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The Role of the Real Interest Rate in U.S. Macroeconomic History

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  • Weber Ernst Juerg

    ()
    (University of Western Australia)

Abstract

People who face adverse economic prospects save in order to maintain consumption. During wars and other periods of distress, the incentive to save was so strong that there would have been excess saving and a corresponding excess supply of commodities without a negative real interest rate. During the Great Depression, the interest rate mechanism failed to achieve macroeconomic equilibrium because the nominal interest rate could not fall further and deflation produced a positive real interest rate. The lesson from American economic history is that central banks should accept moderate inflation if an adverse political or economic shock causes consumer pessimism.

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Bibliographic Info

Article provided by De Gruyter in its journal The B.E. Journal of Macroeconomics.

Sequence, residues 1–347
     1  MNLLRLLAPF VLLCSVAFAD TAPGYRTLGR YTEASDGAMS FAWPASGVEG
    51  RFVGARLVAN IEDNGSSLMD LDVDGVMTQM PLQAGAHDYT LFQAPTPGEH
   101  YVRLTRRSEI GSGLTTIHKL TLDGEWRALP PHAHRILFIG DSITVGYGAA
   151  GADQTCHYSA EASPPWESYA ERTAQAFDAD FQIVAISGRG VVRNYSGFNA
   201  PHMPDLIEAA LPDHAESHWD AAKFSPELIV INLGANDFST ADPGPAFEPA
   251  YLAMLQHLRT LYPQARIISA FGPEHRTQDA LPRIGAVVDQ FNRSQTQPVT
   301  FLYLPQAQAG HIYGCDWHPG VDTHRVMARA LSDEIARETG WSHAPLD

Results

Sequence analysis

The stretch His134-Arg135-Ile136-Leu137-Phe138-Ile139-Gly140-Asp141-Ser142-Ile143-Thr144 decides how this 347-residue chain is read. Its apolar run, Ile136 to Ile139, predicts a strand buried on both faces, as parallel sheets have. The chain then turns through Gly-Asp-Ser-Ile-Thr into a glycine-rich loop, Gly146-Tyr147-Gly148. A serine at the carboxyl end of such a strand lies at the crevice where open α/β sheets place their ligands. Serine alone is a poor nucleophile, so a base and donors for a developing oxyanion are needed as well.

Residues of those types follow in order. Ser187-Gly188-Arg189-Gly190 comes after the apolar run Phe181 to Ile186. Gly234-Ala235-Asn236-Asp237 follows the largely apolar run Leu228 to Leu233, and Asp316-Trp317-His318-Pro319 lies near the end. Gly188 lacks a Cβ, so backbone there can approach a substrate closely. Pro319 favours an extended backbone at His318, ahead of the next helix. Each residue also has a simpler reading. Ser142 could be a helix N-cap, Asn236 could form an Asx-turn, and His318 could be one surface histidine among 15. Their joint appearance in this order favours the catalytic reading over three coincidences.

Volume (Year): 10 (2010)
Issue (Month): 1 (April)
Pages: 1-26

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Handle: RePEc:bpj:bejmac:v:10:y:2010:i:1:n:7

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  1. Auerbach, Alan J. & Obstfeld, Maurice, 2012. "The Case for Open-Market Purchases in a Liquidity Trap," Center for International and Development Economics Research, Working Paper Series qt4tm5h0s3, Center for International and Development Economics Research, Institute for Business and Economic Research, UC Berkeley.
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Cited by:
  1. Lee C. Spector & Courtenay C. Stone, 2010. "Unlikely Estimates of the Ex Ante Real Interest Rate: Another Dismal Performance from the Dismal Science1," Working Papers 201010, Ball State University, Department of Economics, revised Jan 2011.

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